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The Englishness of Lancelot 'Capability' Brown
Vol. 31, No. 2 (Winter, 2003), pp. 122-140
Published by: The Garden History Society
Stable URL: http://www.jstor.org/stable/1587291
Page Count: 19
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The paper makes the absence of exotic flora at Stowe, Buckinghamshire, a starting point for an examination of the 'Englishness' of eighteenth-century landscape and of Lancelot 'Capability' Brown's role in its development. From Stowe's temples, it develops an opposition between English 'gothic' gardening and 'Chinese' gardening, and places Brown firmly in the gothic camp. It then sets John Claudius Loudon's theory of landscape development against a suggestion made by Thomas Whateley on improvement; and develops a theory of English gothic landscape through an analysis of the importance of cricket, hay-making and sheep farming. Finally, the paper examines the association of parkland with waste, and opposes to it an idea of Brownian productive parkland, before concluding with some remarks on Brown as a 'creator' of England.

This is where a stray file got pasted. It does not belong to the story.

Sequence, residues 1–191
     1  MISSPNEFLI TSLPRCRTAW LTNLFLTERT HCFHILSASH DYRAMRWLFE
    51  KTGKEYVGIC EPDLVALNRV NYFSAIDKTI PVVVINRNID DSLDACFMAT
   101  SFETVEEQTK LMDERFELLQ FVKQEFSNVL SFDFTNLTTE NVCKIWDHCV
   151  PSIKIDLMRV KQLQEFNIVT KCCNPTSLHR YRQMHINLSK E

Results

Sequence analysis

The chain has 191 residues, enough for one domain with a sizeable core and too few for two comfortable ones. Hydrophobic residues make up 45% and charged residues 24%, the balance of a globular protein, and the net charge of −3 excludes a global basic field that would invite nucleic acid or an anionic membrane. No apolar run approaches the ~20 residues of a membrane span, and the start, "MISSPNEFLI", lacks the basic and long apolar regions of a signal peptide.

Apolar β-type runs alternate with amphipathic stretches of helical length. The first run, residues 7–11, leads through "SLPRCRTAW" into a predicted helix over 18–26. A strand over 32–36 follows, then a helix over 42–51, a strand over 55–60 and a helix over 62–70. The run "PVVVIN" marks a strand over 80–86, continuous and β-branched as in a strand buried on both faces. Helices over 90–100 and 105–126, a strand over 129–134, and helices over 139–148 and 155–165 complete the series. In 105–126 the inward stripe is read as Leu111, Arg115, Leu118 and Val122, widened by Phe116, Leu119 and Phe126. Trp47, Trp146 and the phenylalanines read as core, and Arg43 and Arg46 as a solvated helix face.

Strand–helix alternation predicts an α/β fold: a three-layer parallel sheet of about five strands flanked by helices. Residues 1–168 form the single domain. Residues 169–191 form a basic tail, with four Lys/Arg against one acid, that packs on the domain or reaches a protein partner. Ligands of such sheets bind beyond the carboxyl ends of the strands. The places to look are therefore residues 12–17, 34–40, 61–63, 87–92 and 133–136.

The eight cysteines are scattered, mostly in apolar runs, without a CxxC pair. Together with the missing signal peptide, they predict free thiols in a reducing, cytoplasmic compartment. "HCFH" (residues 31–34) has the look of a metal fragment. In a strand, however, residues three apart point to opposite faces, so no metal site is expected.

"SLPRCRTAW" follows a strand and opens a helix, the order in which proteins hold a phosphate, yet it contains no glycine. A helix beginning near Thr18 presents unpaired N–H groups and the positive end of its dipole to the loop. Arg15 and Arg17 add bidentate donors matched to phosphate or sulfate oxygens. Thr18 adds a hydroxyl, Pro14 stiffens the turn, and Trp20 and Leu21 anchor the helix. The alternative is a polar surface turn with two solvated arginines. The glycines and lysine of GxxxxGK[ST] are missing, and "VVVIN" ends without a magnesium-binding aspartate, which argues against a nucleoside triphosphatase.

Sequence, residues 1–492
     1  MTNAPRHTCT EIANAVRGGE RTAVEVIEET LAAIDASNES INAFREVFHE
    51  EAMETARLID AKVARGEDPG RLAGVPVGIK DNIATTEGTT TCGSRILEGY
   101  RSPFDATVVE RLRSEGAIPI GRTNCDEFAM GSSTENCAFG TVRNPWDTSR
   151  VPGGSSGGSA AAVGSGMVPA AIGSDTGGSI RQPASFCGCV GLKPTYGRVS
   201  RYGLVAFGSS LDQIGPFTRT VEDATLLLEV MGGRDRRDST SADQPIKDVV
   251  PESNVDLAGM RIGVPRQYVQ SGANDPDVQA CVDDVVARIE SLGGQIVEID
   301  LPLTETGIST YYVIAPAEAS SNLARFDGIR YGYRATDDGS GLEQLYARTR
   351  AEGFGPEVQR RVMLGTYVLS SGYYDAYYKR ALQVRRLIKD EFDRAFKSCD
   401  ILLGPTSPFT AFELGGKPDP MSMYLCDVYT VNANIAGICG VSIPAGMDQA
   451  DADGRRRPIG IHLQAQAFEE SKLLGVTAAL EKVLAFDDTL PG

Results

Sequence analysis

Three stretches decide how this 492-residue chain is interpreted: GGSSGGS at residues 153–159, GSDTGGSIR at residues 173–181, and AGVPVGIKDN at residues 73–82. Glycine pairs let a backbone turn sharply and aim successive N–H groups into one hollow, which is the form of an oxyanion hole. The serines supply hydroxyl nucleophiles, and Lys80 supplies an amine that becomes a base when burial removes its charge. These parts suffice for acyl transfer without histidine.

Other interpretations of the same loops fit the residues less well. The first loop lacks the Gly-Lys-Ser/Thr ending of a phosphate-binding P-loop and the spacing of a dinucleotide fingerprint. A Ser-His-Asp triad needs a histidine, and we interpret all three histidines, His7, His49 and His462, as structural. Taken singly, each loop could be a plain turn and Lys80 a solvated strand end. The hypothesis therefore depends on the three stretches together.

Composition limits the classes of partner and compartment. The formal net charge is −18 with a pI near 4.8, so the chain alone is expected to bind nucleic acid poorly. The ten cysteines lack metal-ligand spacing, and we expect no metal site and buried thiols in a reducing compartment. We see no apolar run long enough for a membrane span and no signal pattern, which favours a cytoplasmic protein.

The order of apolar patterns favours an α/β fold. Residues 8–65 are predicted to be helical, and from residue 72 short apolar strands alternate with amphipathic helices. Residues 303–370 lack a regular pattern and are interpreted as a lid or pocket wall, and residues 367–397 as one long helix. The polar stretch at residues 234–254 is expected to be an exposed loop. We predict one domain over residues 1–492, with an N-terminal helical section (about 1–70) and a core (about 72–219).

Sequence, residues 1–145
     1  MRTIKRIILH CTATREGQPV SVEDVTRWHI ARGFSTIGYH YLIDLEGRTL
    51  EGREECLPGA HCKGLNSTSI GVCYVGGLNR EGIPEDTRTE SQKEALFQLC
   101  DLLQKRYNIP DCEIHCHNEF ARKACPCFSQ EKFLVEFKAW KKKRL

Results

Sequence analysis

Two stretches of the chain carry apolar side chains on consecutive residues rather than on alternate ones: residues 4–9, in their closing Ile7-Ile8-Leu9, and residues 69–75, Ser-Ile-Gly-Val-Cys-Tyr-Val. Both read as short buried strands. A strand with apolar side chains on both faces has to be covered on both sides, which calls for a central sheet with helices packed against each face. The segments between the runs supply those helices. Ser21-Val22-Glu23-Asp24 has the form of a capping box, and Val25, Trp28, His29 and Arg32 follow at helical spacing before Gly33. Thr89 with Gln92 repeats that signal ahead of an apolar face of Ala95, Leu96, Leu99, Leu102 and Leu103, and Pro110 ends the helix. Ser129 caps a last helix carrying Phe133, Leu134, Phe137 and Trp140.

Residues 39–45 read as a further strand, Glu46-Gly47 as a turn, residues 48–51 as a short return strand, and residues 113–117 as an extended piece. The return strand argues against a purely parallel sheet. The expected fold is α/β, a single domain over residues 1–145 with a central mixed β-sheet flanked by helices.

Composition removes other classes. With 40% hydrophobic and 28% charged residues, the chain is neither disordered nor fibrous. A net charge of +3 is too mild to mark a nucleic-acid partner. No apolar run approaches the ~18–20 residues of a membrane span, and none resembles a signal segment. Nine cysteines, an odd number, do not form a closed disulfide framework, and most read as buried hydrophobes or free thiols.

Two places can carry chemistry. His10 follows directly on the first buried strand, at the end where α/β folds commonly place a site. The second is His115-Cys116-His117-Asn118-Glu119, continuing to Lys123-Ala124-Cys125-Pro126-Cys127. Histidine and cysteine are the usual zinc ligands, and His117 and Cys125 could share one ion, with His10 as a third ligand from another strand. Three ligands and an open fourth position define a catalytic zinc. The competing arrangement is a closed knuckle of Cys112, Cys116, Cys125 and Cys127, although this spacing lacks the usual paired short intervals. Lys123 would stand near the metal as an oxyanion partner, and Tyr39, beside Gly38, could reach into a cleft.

Garden History © 2003 The Garden History Society